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Achieving healthy teams

Image credit: Marcus Wallis

Hmm, what is a healthy team? Is it behaviour, ethics, professionalism, the way we treat others, energy, dynamism, trust, enthusiasm? It can mean all of these things, but the challenge lies in how an organisation achieves these ‘healthy teams’.

I am writing this article while listening to what the Australian cricket team has been up to in South Africa with ball tampering and yes, the 3rd test result was absolutely critical and probably the total focus was on the result and not on ethical and professional behaviour and the agreed code of conduct. Businesses can also fall into this trap where time and focus is spent on the output or goal and not on ‘how we do things around here’.

An organisation really needs to think not only about the outcome required, and what are the tasks and associated skills, knowledge or expertise needed. It also needs to understand what kind of collective competence is needed for working well together on a team.

A Healthy Team comes down to a staff that has skills to be able to cooperate, negotiate, and communicate well with each other and really think about the collective team. Of course there are always those on a team that operate in a competitive manner while others expect to have more of a relationship with team members, and if this is not handled with emotional intelligence by management, there will be potential conflict eventually.

In previous articles on teams which compliment the theme ‘Healthy Teams’ I have discussed:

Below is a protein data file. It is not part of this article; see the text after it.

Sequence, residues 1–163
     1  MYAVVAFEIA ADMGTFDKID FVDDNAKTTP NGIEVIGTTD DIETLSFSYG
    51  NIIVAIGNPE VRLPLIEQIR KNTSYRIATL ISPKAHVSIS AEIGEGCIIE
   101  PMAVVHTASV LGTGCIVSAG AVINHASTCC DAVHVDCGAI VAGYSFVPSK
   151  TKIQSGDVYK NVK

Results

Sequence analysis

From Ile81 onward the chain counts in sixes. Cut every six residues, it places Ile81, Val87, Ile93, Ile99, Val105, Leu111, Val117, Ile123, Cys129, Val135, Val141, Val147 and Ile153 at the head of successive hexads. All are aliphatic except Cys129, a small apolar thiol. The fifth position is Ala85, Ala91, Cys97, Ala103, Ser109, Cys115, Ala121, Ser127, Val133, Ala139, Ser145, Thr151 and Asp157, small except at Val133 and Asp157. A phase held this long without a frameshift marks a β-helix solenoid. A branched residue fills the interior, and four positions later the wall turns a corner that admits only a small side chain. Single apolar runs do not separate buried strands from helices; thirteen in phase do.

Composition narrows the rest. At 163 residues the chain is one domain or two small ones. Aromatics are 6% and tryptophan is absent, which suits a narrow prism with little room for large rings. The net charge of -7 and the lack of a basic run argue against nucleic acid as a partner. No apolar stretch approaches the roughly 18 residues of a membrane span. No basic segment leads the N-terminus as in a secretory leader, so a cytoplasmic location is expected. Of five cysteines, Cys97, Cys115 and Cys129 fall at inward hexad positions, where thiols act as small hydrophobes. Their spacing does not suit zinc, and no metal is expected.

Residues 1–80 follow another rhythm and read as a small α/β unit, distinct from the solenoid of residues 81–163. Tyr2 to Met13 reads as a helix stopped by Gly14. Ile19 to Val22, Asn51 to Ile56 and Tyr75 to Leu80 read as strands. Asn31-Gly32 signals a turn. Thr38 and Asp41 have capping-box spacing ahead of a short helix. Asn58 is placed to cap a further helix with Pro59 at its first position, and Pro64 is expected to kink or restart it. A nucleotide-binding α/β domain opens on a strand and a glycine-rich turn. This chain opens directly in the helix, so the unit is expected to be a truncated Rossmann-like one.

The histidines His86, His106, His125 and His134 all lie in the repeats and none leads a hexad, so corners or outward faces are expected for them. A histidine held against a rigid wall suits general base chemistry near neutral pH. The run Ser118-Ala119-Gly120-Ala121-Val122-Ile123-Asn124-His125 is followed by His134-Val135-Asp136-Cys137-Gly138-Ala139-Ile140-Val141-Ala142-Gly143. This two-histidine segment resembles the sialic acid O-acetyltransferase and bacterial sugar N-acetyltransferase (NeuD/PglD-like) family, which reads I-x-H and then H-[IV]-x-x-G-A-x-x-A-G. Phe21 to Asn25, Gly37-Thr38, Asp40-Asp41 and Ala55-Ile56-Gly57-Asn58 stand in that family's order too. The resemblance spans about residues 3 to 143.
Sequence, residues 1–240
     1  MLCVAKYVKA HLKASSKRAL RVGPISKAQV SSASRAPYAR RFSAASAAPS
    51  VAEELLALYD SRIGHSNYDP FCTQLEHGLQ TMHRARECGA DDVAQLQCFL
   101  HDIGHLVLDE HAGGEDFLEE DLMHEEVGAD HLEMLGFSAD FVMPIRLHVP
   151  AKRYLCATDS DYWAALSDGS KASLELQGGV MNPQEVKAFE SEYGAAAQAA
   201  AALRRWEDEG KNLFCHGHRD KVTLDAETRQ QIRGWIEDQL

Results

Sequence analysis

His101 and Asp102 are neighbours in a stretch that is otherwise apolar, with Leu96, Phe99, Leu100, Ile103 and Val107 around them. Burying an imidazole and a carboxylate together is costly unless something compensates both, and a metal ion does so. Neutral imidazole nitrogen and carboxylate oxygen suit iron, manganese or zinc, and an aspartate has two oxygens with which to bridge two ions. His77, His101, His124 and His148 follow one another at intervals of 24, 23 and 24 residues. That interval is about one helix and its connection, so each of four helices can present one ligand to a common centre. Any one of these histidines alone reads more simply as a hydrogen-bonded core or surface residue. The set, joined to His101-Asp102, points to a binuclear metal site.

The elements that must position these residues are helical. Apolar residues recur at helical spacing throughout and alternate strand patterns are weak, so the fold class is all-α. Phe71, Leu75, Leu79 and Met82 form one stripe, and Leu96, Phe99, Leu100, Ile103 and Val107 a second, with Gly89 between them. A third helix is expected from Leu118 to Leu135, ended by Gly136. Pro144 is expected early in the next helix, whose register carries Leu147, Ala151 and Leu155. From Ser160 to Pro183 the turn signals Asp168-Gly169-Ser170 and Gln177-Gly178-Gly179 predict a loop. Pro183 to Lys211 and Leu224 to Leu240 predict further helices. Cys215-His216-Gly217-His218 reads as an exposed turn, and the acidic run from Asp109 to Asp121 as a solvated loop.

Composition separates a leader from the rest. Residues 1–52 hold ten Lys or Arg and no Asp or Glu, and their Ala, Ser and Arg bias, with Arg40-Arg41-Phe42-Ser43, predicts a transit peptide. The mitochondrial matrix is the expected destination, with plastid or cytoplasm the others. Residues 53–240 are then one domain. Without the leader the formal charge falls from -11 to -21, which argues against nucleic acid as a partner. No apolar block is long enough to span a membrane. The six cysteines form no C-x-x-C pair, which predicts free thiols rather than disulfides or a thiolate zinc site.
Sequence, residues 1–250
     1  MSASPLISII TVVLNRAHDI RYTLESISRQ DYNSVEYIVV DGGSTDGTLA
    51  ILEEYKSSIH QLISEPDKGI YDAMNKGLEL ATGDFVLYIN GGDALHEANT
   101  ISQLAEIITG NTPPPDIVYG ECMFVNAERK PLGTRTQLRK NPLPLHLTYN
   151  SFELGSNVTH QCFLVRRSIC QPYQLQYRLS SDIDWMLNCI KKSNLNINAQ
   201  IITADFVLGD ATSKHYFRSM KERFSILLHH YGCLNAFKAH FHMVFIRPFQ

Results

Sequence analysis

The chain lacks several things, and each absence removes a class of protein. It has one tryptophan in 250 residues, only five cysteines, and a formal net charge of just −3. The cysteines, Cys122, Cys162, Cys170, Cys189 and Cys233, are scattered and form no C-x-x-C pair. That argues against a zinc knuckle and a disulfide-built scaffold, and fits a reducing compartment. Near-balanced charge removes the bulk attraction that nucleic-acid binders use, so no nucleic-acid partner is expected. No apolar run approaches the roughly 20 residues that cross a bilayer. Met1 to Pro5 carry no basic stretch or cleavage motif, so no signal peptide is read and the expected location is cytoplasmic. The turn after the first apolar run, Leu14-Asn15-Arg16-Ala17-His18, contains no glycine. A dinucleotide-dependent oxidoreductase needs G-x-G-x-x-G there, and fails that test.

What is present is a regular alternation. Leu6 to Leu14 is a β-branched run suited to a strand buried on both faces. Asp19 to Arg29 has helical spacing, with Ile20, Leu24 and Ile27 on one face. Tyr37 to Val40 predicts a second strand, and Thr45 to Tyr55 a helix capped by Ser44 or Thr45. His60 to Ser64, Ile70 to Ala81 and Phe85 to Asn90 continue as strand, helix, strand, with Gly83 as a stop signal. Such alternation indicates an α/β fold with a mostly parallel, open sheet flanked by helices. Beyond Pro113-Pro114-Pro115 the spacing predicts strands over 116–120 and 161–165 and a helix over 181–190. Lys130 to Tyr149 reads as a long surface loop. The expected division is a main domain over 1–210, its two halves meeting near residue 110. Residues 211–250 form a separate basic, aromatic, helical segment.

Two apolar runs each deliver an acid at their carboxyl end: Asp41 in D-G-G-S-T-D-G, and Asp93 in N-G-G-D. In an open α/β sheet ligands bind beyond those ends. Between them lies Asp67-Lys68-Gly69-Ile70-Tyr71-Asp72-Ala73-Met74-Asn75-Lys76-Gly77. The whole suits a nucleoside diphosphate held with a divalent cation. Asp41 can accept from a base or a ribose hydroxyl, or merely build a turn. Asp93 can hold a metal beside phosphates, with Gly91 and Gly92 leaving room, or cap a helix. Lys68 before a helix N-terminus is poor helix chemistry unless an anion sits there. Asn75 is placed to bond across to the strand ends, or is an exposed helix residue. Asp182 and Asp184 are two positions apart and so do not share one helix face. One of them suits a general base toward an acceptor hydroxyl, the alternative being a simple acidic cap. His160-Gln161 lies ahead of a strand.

In the end a ‘Healthy Team’ must have a team purpose, trust within the team, support from management, reward and recognition which does not have to be dollar-based, healthy and constructive conflict, and an agreed code of behaviour. A group of people becomes a team only if they can depend on each other and the unique contributions each makes towards achieving their shared goals.

Christine Brown is founder and managing director of Potential Unlocked, a market leader in the design of management systems that meet compliance and business requirements. She holds a Bachelor of Arts (double major in Political Science and Public Sector Management); RABQSA Lead Auditor, DiSC 5 Behaviours of a Cohesive Team accreditation; Everything DiSC accreditation, TAE 40110 Cert IV Training & Assessment & TAELLN 411.

Due to her extensive knowledge and experience, Christine is trusted by her clients for her patience, understanding and her ability to interpret compliance requirements in a straightforward, uncomplicated way. She regularly facilitates in-house and public workshops, sharing her knowledge of designing simple processes and systems, communicating effectively as an auditor, building and leading teams, and risk management.

Christine’s clients range from small business and start-ups to large organisations and government departments. Covering a broad range of industries, her clients include Boral, BAE Aerospace, Geobrugg, Tenix, West Australian Police, and the Victorian Ambulance Service.

Christine’s new initiative, The Business Performance Program, assists businesses with all major areas of business that are essential for success

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